That said, this type of food is not recommended for everyone without distinction. Naturopaths distinguish several types of temperaments. People called “blood plethoric” (who have an overabundance of blood), are rather robust, tolerate cold well and have a natural tendency to rosacea. If their ability to digest these “hot” foods is good, they react very quickly to their heating power. They will therefore avoid dishes that are too spicy and drinks such as wine. People called “neuro-arthritics”, rather thin, naturally chilly – they do not tolerate winter well – will, for their part, have every interest in favoring this type of food to warm up.

But their digestion is not necessarily easy. “We advise them to combine ‘hot’ foods with raw vegetables and salad, which improves digestibility”, specifies Sylvie Schäfer. And to add: “Whatever his temperament, it is always better to consume them at lunch rather than at dinner, because increasing the calorific energy in the evening prevents sleep and can lead to unpleasant night sweats. »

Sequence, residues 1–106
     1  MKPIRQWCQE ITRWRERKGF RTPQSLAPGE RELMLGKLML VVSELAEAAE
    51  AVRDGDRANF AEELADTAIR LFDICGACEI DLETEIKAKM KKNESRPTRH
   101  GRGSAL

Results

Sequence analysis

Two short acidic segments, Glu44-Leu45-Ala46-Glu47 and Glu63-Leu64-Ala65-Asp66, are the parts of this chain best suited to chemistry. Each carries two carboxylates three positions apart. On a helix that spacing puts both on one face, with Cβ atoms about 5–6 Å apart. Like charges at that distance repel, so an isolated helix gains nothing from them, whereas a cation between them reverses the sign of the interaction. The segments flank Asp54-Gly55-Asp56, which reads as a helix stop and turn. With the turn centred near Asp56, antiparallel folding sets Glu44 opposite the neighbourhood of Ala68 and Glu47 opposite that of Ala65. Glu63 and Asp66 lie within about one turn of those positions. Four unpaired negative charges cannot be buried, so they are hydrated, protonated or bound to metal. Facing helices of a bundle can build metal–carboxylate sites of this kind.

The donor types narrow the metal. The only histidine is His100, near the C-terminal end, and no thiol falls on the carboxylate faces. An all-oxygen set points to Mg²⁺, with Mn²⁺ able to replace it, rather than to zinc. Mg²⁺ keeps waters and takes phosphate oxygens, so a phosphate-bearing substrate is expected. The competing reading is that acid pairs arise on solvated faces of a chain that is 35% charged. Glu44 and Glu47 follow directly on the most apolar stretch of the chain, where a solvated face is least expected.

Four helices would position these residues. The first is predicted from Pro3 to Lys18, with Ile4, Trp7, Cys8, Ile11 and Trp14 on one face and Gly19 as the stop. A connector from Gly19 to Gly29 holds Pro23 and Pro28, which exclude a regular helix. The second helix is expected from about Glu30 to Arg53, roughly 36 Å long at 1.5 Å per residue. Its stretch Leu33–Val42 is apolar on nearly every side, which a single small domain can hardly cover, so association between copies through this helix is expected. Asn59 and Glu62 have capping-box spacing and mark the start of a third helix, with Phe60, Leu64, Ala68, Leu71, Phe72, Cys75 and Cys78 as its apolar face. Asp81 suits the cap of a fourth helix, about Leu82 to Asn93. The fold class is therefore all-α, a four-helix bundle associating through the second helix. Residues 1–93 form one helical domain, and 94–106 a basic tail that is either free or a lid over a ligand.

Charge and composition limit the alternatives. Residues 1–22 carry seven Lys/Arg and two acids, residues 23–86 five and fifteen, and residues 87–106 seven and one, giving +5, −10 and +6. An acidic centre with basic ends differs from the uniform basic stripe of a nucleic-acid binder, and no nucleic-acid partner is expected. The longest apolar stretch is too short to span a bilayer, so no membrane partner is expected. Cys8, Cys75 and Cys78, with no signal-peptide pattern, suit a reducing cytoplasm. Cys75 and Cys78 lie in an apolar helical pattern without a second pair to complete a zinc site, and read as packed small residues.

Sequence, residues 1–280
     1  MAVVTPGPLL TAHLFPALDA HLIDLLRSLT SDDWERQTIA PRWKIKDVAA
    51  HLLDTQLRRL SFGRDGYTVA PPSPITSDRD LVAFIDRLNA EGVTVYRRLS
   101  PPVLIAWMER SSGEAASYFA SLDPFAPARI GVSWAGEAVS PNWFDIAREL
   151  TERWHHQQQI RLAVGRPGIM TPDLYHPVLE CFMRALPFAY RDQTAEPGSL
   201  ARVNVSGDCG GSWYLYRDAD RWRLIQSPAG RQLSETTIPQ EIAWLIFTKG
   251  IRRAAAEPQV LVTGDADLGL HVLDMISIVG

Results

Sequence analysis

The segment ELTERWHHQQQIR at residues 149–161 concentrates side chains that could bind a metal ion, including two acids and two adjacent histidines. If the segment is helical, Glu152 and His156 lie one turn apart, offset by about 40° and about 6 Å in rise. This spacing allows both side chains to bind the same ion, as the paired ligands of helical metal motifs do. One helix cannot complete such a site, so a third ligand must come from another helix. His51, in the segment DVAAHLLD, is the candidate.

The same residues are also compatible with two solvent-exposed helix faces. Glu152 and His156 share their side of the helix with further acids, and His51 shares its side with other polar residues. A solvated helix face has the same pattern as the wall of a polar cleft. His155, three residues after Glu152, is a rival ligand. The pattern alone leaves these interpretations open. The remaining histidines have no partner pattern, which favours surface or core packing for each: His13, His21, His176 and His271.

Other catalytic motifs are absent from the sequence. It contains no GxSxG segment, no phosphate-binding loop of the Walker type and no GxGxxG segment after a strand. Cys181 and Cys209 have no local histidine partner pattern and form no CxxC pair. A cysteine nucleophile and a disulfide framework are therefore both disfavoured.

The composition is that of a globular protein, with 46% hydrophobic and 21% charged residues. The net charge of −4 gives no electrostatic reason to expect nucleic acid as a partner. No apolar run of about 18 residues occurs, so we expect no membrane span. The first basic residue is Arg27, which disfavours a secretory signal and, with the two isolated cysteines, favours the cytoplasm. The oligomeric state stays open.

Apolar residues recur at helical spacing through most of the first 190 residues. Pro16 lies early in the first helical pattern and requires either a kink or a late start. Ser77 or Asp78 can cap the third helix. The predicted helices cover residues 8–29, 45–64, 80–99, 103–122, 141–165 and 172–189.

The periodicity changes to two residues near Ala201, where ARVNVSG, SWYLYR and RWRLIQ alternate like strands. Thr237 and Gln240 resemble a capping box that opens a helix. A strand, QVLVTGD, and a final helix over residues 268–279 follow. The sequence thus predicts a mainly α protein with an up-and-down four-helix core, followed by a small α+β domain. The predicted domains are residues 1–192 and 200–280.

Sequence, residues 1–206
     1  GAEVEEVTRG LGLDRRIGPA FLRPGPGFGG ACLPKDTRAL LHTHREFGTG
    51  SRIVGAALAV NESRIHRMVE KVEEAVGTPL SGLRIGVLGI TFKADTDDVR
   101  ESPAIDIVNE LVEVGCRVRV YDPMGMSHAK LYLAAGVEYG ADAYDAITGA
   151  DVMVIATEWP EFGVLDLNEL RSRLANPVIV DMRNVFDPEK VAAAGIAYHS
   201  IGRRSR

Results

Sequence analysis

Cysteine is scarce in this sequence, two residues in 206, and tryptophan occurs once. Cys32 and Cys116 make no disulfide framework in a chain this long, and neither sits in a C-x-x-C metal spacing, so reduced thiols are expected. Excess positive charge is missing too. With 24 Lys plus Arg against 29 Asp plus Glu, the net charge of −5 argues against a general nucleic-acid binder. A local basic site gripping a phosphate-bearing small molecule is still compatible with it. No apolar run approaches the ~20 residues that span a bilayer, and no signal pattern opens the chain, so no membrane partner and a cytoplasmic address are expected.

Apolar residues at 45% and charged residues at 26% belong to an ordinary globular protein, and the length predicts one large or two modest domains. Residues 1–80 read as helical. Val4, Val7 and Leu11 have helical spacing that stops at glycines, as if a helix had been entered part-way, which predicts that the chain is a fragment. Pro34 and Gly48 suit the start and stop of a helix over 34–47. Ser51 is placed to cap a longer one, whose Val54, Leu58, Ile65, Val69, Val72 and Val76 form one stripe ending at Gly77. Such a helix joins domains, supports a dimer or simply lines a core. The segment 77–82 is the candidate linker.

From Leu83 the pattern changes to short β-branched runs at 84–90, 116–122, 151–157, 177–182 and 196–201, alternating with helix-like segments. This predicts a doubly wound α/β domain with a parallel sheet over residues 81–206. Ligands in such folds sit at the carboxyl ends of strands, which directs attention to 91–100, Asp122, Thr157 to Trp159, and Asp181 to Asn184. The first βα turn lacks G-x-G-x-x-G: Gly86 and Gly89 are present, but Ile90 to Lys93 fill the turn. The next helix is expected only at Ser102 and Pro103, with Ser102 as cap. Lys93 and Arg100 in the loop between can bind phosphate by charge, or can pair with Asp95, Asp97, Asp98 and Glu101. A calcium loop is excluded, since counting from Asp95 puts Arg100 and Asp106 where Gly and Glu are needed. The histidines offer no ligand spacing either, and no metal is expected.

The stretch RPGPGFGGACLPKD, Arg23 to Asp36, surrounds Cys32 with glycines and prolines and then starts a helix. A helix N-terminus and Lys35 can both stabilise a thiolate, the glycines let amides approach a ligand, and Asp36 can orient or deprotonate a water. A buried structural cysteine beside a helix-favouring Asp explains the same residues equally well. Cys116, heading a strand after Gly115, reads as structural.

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A grandmother’s remedy

To treat rheumatism and bronchitis, poultices were once made with mustard, with a soothing effect against aches and coughs. “A mustard foot bath is also a very good decongestant for the head,” explains naturopath Sylvie Schäfer.

And the method of preparation? It obviously influences the ability of food to warm us, underlines the naturopath. “Microwaves tend to break down food by modifying the water it contains. This will no longer be assimilated in the same way. It is better to favor long cooking over low heat (below 100°C), dishes simmered in a cast iron casserole, a “vitalizer” or a pressure cooker.These cooking methods retain their properties, as well as their lukewarm or spicy character.